RegioJet threatens to exit Slovak rail market

Private passenger rail operator RegioJet could exit the Slovak market after the government proposed free rail travel for children, students and pensioners Slovaks.
RegioJet threatens to exit Slovak rail market

RegioJet has been active in Slovakia since March 2012 when it took over operations of subsidised regional trains on the Bratislava–Komárno line, replacing incumbent state-owned ZSSK.

The largest private rail operator in Slovakia, RegioJet transported 3.68 million passengers in 2015 and this year expects an increase in the number of passengers transported by up to 30 per cent.

The operator runs approximately 2.6 per cent of all trains in Slovakia.

It originally entered the Slovak market by covering unused routes, offering competitive prices to the almost monopoly position of ZSSK, which in turn pushed ZSSK also to cut prices.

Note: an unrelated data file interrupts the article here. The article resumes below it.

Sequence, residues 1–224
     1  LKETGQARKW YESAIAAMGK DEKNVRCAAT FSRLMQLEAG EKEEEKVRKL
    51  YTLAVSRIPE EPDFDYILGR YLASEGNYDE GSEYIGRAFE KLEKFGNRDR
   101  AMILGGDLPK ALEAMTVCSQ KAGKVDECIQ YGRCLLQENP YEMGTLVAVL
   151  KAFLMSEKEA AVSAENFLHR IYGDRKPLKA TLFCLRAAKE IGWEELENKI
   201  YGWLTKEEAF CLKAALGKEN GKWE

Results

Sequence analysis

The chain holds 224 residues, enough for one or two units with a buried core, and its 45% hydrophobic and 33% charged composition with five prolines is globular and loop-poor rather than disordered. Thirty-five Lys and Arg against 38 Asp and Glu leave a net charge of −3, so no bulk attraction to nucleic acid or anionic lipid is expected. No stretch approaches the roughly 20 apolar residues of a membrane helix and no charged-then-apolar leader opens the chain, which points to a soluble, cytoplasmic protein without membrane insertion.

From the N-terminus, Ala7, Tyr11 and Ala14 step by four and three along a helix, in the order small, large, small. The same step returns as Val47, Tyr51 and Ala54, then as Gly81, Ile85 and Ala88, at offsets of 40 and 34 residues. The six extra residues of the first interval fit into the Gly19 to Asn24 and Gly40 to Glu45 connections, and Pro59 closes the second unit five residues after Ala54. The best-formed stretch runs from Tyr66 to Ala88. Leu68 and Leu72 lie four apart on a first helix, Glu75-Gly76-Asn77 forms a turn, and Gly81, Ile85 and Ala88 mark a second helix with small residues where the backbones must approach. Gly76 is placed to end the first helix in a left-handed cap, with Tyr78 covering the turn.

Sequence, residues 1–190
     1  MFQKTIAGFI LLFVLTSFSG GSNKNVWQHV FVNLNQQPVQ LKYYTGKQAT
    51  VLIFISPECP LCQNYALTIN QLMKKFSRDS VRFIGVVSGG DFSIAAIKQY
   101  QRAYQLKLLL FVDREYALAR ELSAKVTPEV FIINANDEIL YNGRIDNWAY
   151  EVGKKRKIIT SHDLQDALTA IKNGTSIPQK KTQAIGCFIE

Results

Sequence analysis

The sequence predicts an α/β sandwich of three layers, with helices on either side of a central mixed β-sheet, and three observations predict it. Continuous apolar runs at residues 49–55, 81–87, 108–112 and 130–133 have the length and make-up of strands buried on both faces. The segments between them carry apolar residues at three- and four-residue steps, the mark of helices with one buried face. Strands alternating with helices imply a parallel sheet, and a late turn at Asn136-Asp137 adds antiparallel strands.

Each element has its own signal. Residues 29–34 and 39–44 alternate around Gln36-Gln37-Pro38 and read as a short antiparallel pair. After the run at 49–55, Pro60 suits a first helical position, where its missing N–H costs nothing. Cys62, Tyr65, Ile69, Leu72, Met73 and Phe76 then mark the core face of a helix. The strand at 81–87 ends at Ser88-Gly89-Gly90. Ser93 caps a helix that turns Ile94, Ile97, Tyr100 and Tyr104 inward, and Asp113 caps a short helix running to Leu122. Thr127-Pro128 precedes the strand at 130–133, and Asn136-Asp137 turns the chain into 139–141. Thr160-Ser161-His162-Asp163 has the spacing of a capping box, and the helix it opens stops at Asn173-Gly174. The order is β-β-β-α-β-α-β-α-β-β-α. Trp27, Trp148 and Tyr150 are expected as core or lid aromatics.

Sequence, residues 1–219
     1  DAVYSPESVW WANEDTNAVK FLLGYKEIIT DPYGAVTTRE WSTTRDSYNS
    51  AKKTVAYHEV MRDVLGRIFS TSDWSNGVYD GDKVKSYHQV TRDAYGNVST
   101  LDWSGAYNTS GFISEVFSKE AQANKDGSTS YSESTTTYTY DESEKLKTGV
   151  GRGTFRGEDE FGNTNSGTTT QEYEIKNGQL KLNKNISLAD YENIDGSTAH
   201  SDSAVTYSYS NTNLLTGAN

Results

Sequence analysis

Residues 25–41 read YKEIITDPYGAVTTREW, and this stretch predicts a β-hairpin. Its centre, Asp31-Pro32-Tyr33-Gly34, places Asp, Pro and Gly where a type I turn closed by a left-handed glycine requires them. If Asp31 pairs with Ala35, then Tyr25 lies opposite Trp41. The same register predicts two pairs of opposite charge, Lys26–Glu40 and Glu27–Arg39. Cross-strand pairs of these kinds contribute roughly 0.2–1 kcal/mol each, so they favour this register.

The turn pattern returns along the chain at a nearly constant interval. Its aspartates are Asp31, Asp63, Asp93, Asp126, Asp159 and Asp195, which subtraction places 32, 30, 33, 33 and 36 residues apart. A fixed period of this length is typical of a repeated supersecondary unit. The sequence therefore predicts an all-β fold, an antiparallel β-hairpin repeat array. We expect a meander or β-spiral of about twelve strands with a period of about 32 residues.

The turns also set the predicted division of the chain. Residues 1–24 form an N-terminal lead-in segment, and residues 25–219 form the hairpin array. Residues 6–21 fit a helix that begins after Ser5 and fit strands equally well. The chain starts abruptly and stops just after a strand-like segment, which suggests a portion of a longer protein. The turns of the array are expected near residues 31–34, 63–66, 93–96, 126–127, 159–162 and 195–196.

The government then came up with free rail travel to children, students and pensioners the population segments that use trains the most.

The owner of RegionJet, Radim Jančura, has been calling for equal treatment with ZSSK, arguing that private carriers should be granted compensation for these social groups and put a halt to its planned new Bratislava-Kosice connections.

In 2014 RegioJet announced plans to enter the non-subsidised long-distance rail market in Slovakia, with an application for train paths for four daily return inter-city services on the Bratislava – Žilina – Košice route.

The incumbent is making efforts to attract more passengers through improved comfort, modern rolling stock and a flexible fare policy. The journey time is 5 hour 4 min for the 445 km trip. The trains carried 690,000 passengers in 2013, up 2 per cent on 2012, with an average load factor of 75 per cent. ZSSK made a loss of EUR1.7m on these trains in 2013, down 48.7 per cent on 2012.

Jančura believes its service can be profitable, as its operating costs are 30 per cent to 40 per cent lower than the incumbent. However, he fears a price war similar to that which has broken out with ČD and later LEO Express on the Praha – Ostrava route in the Czech Republic.

RegioJet has hoped to attract passengers with free refreshments, wi-fi, newspapers and an attendant in each of the modern 160 km/h air-conditioned coaches.


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